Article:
By: Lana K. Wilson-Combs
It’s been 35 years since director Ridley Scott (exec producer/upcoming “Murder on the Orient Express” remake) wowed moviegoers with the 1982 sci-fi masterpiece “Blade Runner” (based on Philip K. Dick’s “Do Androids Dream of Electric Sheep?”) And if the old adage holds true that absence makes the heart grow fonder, then fans should fall for the long awaited “Blade Runner 2049.”
This time around, Scott has handed over directorial duties to the very capable Denis Villeneuve, (“Sicario” and “Arrival”), but he’s still on board as executive producer.
In “Blade Runner 2049,” Harrison Ford reprises his role as Rick Deckard, the blade runner, who in the original movie set in 2019, was responsible for assassinating genetically engineered replicants that were integrated into society. They were created/manufactured by human overseers to work as slaves in the dangerous “off-world colonies.”
Deckard has been missing for almost 30 years and there are a ton of questions surrounding his disappearance.
There’s still a need for blade runners in the dark, dystopian Los Angeles which is where police officer K (Ryan Gosling, “La La Land”) comes in. He’s picked up where Dickard left off and is in pursuit of replicants who are obsolete. Officer K, who lives with his holographic companion Joi (Ana de Armas, “War Dogs” and “Hands of Stone”), is tasked with retiring older model replicants which were originally manufactured by the Tyrell corporation.
However, a replicant rebellion led to the downfall and bankruptcy of the company. It was taken over by the narcissistic and tyrannical Niander Wallace (Jared Leto, “Suicide Squad”) and he’s created, newer and superior replicants but with shorter lifespans.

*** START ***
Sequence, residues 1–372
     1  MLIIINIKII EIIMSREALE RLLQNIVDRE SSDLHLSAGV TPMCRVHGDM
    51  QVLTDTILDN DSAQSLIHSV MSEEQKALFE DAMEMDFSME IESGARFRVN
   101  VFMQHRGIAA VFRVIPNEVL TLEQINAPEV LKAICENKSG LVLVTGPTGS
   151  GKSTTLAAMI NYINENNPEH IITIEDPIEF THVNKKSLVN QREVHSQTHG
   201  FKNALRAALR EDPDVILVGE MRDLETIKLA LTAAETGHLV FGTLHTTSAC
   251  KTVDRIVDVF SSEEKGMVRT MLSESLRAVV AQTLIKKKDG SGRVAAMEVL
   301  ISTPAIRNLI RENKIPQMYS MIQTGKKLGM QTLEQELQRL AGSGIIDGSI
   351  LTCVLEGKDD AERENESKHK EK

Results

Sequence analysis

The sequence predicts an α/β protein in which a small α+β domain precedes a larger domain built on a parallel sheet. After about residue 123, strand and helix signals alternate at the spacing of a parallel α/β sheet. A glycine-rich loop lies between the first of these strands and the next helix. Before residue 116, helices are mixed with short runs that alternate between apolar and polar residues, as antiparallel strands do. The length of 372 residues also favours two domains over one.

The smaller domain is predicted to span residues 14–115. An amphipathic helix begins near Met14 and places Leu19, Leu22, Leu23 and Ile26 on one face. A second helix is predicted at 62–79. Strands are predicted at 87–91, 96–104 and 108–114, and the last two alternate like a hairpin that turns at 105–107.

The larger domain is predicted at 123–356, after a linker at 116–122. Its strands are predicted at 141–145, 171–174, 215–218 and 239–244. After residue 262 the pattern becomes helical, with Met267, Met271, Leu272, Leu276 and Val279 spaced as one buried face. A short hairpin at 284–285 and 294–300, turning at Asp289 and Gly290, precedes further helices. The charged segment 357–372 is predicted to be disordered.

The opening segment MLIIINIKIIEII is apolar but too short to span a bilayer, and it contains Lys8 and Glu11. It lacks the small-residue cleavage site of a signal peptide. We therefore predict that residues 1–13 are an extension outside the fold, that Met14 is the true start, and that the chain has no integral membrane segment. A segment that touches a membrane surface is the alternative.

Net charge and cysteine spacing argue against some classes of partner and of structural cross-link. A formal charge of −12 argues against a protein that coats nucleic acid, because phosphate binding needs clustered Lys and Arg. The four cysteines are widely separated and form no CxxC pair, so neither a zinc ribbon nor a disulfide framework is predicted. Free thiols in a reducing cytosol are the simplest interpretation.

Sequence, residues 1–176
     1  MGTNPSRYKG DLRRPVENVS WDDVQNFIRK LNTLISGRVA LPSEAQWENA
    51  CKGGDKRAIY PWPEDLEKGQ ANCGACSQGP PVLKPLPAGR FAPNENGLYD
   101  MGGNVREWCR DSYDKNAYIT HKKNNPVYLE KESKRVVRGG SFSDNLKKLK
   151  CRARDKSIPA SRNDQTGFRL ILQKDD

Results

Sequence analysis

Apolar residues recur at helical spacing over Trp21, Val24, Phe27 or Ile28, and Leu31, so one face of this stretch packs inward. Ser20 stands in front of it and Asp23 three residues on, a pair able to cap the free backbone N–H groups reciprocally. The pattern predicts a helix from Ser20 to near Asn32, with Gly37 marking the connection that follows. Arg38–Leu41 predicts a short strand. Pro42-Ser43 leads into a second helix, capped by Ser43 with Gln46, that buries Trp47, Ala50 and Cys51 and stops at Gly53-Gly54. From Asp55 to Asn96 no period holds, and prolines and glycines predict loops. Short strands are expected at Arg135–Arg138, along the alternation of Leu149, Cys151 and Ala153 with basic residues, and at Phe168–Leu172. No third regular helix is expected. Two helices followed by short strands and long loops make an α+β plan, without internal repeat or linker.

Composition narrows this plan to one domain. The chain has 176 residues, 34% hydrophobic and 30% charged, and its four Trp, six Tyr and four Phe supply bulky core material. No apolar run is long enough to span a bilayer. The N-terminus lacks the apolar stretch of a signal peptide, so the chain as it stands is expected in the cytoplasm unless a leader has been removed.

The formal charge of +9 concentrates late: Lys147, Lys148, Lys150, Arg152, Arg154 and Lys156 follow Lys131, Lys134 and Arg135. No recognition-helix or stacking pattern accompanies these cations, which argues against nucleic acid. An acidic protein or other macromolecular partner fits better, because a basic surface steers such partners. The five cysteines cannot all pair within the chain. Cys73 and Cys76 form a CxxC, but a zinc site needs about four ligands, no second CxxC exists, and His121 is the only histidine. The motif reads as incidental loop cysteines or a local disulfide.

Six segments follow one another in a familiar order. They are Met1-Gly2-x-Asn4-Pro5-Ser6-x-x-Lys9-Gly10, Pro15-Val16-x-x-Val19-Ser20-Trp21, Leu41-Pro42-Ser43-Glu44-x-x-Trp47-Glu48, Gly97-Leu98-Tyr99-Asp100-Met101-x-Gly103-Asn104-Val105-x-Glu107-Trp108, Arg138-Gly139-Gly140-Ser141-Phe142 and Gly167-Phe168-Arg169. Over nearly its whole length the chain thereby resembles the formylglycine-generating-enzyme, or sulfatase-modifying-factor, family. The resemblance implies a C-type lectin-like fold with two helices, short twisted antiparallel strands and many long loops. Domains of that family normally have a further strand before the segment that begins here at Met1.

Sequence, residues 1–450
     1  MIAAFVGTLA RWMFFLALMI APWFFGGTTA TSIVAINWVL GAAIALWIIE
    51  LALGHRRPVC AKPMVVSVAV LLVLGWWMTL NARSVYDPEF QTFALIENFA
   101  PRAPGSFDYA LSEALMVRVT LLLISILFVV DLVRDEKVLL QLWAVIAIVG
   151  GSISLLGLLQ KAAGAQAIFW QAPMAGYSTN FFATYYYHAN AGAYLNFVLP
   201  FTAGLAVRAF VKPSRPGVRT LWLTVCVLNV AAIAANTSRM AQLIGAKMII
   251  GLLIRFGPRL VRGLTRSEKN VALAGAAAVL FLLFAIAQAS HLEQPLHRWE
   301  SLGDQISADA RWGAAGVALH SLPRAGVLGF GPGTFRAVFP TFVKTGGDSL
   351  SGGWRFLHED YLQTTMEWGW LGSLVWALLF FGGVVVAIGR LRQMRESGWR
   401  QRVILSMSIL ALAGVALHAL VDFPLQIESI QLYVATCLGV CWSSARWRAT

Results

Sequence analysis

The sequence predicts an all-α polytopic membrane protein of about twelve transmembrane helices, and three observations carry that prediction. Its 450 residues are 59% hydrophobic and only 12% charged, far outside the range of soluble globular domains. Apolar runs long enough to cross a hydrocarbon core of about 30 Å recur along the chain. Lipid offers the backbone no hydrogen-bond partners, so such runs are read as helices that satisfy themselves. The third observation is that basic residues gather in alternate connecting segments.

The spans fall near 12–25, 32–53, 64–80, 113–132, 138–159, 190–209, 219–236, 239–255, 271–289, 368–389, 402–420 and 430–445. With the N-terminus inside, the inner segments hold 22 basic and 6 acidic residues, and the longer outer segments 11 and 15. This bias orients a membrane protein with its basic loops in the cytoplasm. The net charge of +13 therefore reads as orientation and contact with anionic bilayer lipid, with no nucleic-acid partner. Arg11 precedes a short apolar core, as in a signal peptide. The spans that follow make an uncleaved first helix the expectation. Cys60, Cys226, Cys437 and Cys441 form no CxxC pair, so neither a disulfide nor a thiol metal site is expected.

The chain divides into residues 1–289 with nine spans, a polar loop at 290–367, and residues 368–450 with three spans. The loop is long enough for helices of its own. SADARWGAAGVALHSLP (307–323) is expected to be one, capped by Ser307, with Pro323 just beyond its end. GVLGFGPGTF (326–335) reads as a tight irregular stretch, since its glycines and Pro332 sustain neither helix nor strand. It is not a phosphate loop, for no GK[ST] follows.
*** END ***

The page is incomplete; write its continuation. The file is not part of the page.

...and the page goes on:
K's investigation into an elusive replicant freedom movement leads him to a farm, where he meets and kills rogue replicant Sapper Morton (Dave Bautista, “Guardians of the Galaxy Vol. 2”).
Nearby, Officer K notices a flower in front of a tree and upon closer inspection finds a buried box with human remains inside. He soon learns that the contents belonged to a pregnant woman—an experimental replicant--who died during an emergency caesarian section.
How could that be? Childbirth among replicants was originally thought to be impossible. This revelation concerns Officer K’s boss, lieutenant Joshi (Robin Wright, TV’s “House of Cards”) who believes it’s dangerous if people—especially Wallace (Leto)--know that replicants can reproduce. So, she insists that K destroy all the evidence relating to the case.
With the assistance of a replicant enforcer named Luv (Sylvia Hoeks, “All the Devil’s Men”), Officer K retrieves more information causing this mystery to widen. Getting to the bottom of it all takes time. Far too much time.
While “Blade Runner 2049” is intriguing and a visual feast for the eyes thanks to cinematographer Roger Deakins, at 163 minutes long—45 minutes longer than the original-- it’s such a slog to get through. Harrison Ford, who is terrific and great to see, doesn’t arrive on screen until almost the last hour of the movie.
Even so, “Blade Runner 2049” does respect and pay homage to its predecessor, yet it’s drenched in Villenueve’s vision and aesthetic thus making it a bold filmmaking triumph nonetheless.
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Take A Peek At This Trailer For "BLADE RUNNER 2049"
Lana K. Wilson-Combs is a member of the Broadcast Film Critics’ Association (BFCA), the Black Reel Awards Voting Academy and a Nominating Committee Voting Member for the NAACP Image Awards.